Saturday, November 7, 2009


I've been hanging out with the ladies of the Harlem Knitting Circle all day. It's a good way to get a lot done on a project, because there are no distractions like facebook or magazines to suck me away from my work, and the women there tell such interesting stories about their lives. One woman works at Mt. Sinai Hospital and she is collecting small baby blankets for the infants that don't live, so as soon as I can I'm going to make several to donate. One thing that I want to know is why the United States has such a low infant mortality rate in comparison to other developed countries? I've heard some statistics that place the US at about number 30 down the list, but I need to do some more research into this.

Following up on a previous post where I was ranting about vaccines, I was trying to reason with a coworker yesterday who adamantly believes that the flu vaccine contains particles taken from the lungs of exhumed WWI soldiers. "I heard it on the radio!" he said. "It's absolutely true!" Nothing I said would make him change his mind, but seriously--are there even lungs left in the body of a person buried in 1917? So I went home and did some research online and read a whole bunch of different things, but couldn't find anything even remotely related to his claim. My theory is that he's just deaf and completely misheard something on the radio. However, I did learn that childhood vaccines have been mercury-free since 2001, flu vaccines are still cultured in chicken eggs (I knew that they had been made this way, but didn't realize they still were) which helps explain why there are shortages. The vaccine-making process is long, precise, and reliant on a constant supply of 11-day old chicken eggs. Scientists are exploring cell-cultured vaccines, but the technology isn't there yet. So if you read anything on wacky sites that rail against the abomination of "animal tissues" being present in vaccines, it's just people freaking out about the vaccines being produced in eggs, and its all just really ridiculous.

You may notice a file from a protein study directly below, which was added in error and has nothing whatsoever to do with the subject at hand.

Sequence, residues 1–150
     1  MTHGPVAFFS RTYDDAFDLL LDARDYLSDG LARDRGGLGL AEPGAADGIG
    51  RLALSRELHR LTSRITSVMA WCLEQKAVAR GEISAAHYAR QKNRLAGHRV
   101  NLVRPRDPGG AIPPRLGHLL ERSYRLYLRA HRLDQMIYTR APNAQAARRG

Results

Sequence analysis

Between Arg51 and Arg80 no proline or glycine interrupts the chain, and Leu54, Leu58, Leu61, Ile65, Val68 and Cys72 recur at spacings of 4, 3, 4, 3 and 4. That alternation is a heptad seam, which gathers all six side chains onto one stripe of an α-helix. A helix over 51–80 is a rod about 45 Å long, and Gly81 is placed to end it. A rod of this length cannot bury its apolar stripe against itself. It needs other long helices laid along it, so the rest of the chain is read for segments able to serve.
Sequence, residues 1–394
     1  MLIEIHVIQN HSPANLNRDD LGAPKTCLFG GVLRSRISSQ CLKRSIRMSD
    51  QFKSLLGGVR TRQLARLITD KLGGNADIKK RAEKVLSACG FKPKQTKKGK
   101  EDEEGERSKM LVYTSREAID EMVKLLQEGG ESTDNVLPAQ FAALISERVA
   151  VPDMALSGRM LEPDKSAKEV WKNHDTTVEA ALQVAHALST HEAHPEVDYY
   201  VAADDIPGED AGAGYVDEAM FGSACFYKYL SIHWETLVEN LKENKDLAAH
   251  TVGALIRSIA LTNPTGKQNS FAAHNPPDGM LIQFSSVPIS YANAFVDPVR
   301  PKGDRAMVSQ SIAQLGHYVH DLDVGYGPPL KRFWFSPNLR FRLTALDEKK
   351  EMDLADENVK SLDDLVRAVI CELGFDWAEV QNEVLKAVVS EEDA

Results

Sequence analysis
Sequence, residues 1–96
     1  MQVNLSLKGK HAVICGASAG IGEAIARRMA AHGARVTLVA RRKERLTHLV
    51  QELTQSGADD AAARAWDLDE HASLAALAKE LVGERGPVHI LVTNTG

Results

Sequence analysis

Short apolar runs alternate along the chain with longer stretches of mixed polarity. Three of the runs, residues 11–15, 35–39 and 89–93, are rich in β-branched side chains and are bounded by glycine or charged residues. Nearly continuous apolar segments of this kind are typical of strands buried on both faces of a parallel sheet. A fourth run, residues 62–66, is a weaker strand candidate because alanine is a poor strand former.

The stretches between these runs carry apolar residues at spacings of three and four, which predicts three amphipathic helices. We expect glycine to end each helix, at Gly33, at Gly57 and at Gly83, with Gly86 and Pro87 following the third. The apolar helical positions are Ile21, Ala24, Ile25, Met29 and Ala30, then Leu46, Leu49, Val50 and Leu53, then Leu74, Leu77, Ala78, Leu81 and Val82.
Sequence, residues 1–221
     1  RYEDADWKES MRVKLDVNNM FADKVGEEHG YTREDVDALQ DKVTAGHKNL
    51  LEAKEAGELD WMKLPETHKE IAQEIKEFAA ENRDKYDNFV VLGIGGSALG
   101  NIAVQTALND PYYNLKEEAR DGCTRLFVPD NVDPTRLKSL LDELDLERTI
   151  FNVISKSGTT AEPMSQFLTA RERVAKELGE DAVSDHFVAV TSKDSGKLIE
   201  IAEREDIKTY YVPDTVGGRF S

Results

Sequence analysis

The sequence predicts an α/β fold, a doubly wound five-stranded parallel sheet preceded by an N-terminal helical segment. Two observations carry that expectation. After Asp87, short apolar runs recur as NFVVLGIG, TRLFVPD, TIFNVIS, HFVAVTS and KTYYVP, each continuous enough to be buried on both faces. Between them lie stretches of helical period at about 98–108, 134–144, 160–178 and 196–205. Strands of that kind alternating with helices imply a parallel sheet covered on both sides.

So anyway, enough ranting about that. What I should really be doing is my laundry, but I'm so tired today for some reason. I was so comfortable at the library with the knitters that I stayed there from 10 a.m. until 2 in the afternoon, listening to stories about 9/11, going to Ghana and being courted by African princes, teaching in inner-city schools, and all kinds of things. I'm telling you, those ladies are amazing! I crocheted and listened until I got so hungry I had to leave and go get a sandwich and coke from good ol' Santiago Deli. The day is bright and sunny and I want to be tramping around Harlem, but my head hurts, and my body craves a nap. I can't believe that the sun sets now at around 4:45 in the afternoon! It's not enough daylight--my body wants to hibernate. Well, I'm going to fight it. I'm going to go do laundry, then go running, and then clean my house and (if I can just get up off this bed...) I'm not going to stop!

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